New City Catechism. Week Twenty-Eight Q&A: Q. What happens after death to those not united to Christ by Faith? (They will be cast out from the presence of God, into hell, to be justly punished, forever.) The question for Week Twenty-Nine is: “How can we be saved?”
I’m convinced that the “Alpha” sin is PRIDE. If you think about it, it was the first sin. Isaiah 14:12-14 reveals how Lucifer’s fall was the result of his pride. And it’s pride that makes us think that we can somehow earn our salvation. Even after we repent of our pride and are redeemed by God’s grace alone, Satan continues to use that pride and arrogance to tarnish our testimony and cripple our ministry for the Lord. Philippians tells us that we are to do nothing out of “self-ambition or conceit;” and that Jesus “took the form of a servant” and “humbled Himself” for our salvation.
Each month during the summer, I play in a golf scramble at Crestview. I play in a foursome with three of my oldest friends. Even though we think we’re pretty good, we’re just average golfers. However, at a recent event, we were extraordinarily bad. Embarrassingly bad. The event always concludes with lunch and a small awards ceremony where a large board displays everyone’s score in numbers the size of clipboards. So as we drove our carts back toward the clubhouse, I tried to convince the guys to go right to the parking lot and leave without turning in our scorecard. “I’m more than willing to give up lunch; I don’t want to be humbled like that in front of those guys.” My friends weren’t buying it. “You can do what you want, but we’re going in for lunch.” So I headed for the truck, but when I lifted my golf bag into the box, I saw my WWJD bracelet, and it was like God was throwing Philippians 2:3-5 at me. “Do nothing from selfish ambition or conceit, but in humility count others more significant than yourselves. Let each of you look not only to his own interests but also to the interests of others. In your relationships with one another, have the same mindset as Christ Jesus…”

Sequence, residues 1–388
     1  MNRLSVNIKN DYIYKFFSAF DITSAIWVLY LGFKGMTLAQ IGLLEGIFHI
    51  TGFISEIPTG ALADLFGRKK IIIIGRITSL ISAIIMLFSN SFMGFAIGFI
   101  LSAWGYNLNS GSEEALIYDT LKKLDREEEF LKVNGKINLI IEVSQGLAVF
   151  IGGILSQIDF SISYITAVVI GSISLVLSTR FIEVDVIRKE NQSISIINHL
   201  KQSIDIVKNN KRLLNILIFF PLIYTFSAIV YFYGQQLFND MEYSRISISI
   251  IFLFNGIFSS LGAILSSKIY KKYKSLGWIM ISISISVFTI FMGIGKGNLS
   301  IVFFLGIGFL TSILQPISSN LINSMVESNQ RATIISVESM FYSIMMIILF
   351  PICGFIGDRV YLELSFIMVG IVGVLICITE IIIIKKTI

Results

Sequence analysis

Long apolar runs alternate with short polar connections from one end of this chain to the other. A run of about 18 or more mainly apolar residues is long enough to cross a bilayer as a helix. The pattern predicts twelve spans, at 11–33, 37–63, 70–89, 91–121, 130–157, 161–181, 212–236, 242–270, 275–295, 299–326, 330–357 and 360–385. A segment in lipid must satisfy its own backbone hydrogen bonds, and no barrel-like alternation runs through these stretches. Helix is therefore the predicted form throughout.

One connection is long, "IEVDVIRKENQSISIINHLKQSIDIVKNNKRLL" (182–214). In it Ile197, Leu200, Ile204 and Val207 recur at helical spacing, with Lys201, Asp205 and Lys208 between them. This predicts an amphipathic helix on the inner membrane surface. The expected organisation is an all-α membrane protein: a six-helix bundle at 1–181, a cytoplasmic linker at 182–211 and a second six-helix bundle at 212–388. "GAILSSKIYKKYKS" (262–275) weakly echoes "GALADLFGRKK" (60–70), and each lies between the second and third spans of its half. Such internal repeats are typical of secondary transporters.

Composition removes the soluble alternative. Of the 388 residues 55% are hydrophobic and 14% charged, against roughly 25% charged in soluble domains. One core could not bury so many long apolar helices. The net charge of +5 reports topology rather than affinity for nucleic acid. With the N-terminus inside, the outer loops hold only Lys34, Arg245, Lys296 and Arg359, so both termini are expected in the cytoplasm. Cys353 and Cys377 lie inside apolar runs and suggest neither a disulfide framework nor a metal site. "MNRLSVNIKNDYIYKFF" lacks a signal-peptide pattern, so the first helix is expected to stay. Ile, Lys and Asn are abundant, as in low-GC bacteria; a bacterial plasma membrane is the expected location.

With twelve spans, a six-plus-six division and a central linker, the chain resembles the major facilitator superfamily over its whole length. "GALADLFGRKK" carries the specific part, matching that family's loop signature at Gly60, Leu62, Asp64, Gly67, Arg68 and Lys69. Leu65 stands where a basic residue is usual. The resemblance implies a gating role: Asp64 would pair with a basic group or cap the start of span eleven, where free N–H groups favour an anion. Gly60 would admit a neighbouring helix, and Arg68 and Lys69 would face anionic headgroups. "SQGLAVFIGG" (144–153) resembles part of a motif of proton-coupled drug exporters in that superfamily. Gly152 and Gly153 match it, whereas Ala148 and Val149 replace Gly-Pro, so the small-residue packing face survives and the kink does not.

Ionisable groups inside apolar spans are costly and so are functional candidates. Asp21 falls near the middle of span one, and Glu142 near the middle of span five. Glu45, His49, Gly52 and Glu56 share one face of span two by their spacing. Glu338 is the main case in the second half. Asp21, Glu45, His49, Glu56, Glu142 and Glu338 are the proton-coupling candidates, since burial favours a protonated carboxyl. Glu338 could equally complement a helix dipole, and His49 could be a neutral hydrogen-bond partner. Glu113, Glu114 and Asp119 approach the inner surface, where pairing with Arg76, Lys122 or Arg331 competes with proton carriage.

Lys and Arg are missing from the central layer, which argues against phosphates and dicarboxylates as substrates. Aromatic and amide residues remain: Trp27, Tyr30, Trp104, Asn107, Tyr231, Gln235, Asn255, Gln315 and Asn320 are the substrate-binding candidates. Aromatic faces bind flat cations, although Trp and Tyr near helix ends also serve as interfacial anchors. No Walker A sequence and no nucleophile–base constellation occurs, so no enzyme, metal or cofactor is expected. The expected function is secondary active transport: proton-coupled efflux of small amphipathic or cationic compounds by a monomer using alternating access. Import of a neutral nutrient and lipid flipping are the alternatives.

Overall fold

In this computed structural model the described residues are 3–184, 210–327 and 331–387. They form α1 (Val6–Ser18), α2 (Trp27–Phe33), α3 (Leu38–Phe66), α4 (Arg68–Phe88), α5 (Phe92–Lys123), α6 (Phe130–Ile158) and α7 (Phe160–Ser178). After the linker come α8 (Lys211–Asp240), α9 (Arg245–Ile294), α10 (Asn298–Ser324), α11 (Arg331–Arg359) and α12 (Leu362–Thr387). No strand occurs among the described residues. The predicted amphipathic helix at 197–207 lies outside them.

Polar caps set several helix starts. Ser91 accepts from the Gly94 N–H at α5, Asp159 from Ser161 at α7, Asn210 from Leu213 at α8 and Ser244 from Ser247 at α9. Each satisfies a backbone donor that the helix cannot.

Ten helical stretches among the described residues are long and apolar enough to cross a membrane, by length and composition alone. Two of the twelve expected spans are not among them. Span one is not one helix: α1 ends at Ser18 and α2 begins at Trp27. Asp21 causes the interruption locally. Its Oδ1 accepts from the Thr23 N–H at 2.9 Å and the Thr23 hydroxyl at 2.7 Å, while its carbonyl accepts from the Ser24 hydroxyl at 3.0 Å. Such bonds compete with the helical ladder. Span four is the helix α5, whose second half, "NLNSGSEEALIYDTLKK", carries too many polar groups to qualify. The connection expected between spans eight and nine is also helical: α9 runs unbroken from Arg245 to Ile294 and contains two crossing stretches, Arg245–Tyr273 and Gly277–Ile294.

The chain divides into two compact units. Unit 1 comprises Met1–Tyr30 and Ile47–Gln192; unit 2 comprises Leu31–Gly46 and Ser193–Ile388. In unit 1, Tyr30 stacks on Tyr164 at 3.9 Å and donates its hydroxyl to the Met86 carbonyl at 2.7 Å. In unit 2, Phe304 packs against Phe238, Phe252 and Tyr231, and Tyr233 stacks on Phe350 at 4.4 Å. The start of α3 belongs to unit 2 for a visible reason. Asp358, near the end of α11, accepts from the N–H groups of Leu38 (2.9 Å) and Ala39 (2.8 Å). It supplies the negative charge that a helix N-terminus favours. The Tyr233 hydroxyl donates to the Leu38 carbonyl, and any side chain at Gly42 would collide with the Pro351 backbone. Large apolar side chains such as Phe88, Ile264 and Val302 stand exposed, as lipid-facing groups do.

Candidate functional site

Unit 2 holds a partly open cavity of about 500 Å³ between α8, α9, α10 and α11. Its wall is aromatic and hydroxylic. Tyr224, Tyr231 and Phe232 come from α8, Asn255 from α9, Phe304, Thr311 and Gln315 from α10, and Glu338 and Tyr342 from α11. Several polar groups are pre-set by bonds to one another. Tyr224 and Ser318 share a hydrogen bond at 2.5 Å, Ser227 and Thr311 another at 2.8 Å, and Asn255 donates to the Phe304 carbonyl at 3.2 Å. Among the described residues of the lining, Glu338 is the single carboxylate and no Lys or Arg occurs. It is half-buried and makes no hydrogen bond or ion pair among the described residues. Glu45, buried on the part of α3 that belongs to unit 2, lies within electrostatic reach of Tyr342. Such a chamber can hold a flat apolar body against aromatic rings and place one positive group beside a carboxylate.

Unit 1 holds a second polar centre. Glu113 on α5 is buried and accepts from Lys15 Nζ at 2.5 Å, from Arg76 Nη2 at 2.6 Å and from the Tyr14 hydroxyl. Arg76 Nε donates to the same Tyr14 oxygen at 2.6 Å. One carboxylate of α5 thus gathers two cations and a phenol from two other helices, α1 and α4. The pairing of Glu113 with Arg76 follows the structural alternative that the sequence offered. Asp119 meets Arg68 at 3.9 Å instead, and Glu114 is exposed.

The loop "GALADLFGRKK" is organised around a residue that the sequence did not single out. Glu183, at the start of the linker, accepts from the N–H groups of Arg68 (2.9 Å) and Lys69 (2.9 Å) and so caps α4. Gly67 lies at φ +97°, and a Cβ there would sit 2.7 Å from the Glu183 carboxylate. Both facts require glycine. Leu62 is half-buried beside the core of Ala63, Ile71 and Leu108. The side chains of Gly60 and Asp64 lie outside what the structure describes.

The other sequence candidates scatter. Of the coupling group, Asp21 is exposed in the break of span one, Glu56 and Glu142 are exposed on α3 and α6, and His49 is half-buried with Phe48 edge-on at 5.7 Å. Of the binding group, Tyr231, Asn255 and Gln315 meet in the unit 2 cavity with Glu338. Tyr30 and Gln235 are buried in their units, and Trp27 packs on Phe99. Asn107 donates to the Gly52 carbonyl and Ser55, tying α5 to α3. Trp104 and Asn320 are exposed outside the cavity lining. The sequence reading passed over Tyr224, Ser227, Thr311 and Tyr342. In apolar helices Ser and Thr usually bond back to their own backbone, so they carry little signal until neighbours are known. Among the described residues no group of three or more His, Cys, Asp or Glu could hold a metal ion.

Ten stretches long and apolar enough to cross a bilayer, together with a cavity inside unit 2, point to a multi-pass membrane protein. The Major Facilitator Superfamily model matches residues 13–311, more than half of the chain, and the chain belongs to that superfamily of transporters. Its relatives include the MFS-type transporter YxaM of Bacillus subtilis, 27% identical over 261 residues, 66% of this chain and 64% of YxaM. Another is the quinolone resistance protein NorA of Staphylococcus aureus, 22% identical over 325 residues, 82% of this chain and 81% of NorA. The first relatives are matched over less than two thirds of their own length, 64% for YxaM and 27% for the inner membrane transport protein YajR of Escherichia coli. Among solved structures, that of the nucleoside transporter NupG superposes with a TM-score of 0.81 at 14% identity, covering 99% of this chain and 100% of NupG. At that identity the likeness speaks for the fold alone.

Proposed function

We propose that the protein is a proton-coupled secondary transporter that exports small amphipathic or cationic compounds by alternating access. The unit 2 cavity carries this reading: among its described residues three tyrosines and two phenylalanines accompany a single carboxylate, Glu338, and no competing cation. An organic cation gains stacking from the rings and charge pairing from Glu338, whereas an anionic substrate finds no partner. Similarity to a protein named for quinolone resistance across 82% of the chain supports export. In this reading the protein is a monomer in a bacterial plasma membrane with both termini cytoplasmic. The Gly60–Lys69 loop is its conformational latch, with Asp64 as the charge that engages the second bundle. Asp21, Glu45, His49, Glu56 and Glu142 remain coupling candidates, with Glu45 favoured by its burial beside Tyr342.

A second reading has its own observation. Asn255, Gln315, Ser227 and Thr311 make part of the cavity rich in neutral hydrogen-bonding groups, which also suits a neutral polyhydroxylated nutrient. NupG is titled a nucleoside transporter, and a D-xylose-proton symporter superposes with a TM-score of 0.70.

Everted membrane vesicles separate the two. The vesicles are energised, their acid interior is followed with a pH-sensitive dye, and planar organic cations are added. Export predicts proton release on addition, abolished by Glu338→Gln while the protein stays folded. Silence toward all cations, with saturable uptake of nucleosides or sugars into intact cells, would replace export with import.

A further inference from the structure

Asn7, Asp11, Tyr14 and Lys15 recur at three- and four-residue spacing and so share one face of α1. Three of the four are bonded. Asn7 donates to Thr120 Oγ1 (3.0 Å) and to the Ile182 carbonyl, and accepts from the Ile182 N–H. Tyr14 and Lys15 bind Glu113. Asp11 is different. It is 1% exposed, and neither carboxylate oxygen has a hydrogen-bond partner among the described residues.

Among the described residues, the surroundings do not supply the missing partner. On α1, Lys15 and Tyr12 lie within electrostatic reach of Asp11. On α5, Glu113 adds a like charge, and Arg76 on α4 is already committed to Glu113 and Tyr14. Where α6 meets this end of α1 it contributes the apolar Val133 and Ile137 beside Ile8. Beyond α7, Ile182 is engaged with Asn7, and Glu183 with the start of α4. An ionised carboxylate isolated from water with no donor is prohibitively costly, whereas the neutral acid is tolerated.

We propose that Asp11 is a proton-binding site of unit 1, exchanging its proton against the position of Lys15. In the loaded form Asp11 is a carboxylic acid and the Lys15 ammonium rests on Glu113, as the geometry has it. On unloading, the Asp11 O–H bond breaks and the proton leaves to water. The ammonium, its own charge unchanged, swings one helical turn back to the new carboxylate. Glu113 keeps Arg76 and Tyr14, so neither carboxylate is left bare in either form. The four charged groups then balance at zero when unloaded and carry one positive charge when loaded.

Talk about being convicted. I slammed the tailgate and caught up with my friends. “Hey, guys, I’m really sorry, I just realized how prideful I’m being, and what an awful message I’m sending to you and all the other teams. That kind of pride’s a sin. Forgive me, will you? I’m sure that God wants me to reflect Christ today by going inside and humbly ‘counting others more significant than [myself],’ and by being happy for the other guys. I just realized that If Jesus had been on our team, He wouldn’t have left. He’d have gone inside to congratulate the winners.”
Now remember these guys are long-time friends—they’re used to my spiritual “mood-swings.” So I wasn’t too surprised when, as we all walked toward the clubhouse, Ed muttered, “If Jesus had been on our team we’d have won this thing.”
Written by Jim De Horn